All about proning and how it can help Covid patients

Proning a medically approved position in which patients are made to lie on their abdomen to boost their oxygen levels.

By   |  Published: 6th May 2021  6:08 pm

As the second wave of Covid-19 sweeps through the country with deadly consequences, doctors across the state have started advocating proning exercises to improve oxygen levels in Covid positive patients — both in home isolation as well as in hospital. Read on more about the medically approved breathing exercise…

Recently, the Union Health Ministry advised ‘proning for self-care’ for coronavirus patients, stating that it holds high significance for covid positive patients with compromised breathing comfort, especially during home isolation or self-care treatment at home.

What is proning?

Proning a medically approved position   in which patients are made to lie on their abdomen to boost their oxygen levels. Proning as an exercise is being advised to Covid patients in hospitals, so that they may not require additional oxygen support.

While proned, the patient is made to lie on his/her belly using pillows. One can also lie on their right side( right lateral), left side ( left lateral) or sit at a 60-90 degree angle in the ‘fowler position’.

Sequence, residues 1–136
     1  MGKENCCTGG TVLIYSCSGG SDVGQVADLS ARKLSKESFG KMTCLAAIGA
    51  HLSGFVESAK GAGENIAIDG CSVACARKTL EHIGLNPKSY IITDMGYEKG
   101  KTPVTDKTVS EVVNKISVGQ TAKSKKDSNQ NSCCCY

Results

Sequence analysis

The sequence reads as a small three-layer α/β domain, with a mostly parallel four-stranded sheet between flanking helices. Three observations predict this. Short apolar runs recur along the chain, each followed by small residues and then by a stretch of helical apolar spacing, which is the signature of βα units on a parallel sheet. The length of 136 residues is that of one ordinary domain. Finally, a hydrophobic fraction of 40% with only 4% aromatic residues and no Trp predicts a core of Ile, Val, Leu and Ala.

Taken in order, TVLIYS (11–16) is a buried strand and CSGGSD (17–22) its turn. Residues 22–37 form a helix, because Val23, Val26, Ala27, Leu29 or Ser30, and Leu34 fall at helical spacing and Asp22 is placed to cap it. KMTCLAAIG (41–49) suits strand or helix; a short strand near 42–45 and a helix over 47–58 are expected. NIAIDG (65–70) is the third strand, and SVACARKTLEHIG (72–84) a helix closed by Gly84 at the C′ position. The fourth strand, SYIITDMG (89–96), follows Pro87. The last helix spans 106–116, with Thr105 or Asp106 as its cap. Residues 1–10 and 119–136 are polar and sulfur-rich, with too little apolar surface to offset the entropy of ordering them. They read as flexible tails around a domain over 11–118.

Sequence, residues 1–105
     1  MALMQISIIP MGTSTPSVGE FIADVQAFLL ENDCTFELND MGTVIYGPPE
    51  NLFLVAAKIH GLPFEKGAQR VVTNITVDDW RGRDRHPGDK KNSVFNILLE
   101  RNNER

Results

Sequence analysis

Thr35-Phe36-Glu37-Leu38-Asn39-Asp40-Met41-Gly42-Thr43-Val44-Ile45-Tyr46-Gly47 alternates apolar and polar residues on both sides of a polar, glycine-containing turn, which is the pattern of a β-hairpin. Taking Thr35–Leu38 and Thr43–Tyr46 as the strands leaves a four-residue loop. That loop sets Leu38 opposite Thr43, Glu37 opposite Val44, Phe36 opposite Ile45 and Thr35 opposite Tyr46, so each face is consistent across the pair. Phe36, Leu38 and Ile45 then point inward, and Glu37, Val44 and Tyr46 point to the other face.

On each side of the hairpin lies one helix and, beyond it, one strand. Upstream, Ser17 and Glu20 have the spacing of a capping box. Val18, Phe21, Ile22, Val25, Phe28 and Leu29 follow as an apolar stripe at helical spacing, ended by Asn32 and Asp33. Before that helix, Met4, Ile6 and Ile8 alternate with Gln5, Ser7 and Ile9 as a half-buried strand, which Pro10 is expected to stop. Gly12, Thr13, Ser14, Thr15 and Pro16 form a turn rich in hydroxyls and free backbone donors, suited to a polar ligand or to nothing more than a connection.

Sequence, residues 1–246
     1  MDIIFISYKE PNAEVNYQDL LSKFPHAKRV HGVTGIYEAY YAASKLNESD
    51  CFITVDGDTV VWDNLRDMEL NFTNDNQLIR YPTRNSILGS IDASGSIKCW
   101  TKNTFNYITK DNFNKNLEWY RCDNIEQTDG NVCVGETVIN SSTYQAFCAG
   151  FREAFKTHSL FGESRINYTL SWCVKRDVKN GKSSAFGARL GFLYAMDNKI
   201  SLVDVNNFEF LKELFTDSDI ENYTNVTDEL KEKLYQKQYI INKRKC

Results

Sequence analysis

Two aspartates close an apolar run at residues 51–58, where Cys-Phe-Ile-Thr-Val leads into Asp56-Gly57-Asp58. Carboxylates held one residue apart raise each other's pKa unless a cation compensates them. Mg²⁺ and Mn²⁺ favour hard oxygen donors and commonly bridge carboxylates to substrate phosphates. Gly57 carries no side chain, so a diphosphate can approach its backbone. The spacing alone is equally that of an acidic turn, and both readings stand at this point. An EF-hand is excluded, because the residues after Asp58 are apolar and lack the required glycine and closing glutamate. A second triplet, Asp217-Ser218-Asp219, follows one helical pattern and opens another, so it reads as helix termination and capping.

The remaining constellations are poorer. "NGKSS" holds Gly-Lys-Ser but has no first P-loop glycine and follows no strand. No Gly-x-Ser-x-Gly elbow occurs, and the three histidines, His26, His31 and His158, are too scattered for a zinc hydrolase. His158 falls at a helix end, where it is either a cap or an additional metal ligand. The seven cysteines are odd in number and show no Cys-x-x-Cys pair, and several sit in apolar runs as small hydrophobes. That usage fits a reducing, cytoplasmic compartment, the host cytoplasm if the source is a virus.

What is needed for proning?

All we need for proning are 4-5 pillows. One pillow is to be placed below the neck, 1-2 pillows below the chest through upper thighs, and 2 pillows below the shins. A patient should lie on their belly, right and left side alternately. However, experts suggest that at least 30 minutes should be spent in each proned position for best results.

How to do proning?

The patient usually undergoes a series of manual turns that are done in a synchronized pattern. This includes:

Step 1: Turn the patient in the prone position (i.e., lying on the belly).

Step 2: Next turn the patient laterally (i.e., sideways) on the right side.

Step 3: Then make the patient sit up with the spine straight.

Step 4: Next turn the patient laterally (i.e., sideways) on the left side.

Step 5: Finally, turn the patient to the initial prone position.

Step 6: Alternate the position every 30 minutes.

Step 7: Each position requires the patient’s heart rate, blood pressure and pulse oximetry (oxygenation level) to remain stable during each move.

Step 8: It is advisable not to spend more than 30 minutes in each position.

Performing proning 

• Registered and trained nurses (with either critical care or operating room expertise)

• Physical therapists/occupational therapists/patient care technicians

• Respiratory therapists

• Anesthesia physicians

Other ways to improve oxygen levels for patients

Deep breathing, yogic pranayama, ample access to fresh air, staying hydrated, eating iron-rich foods, light exercises also help in improving oxygen level of patients, the Health Ministry suggests.


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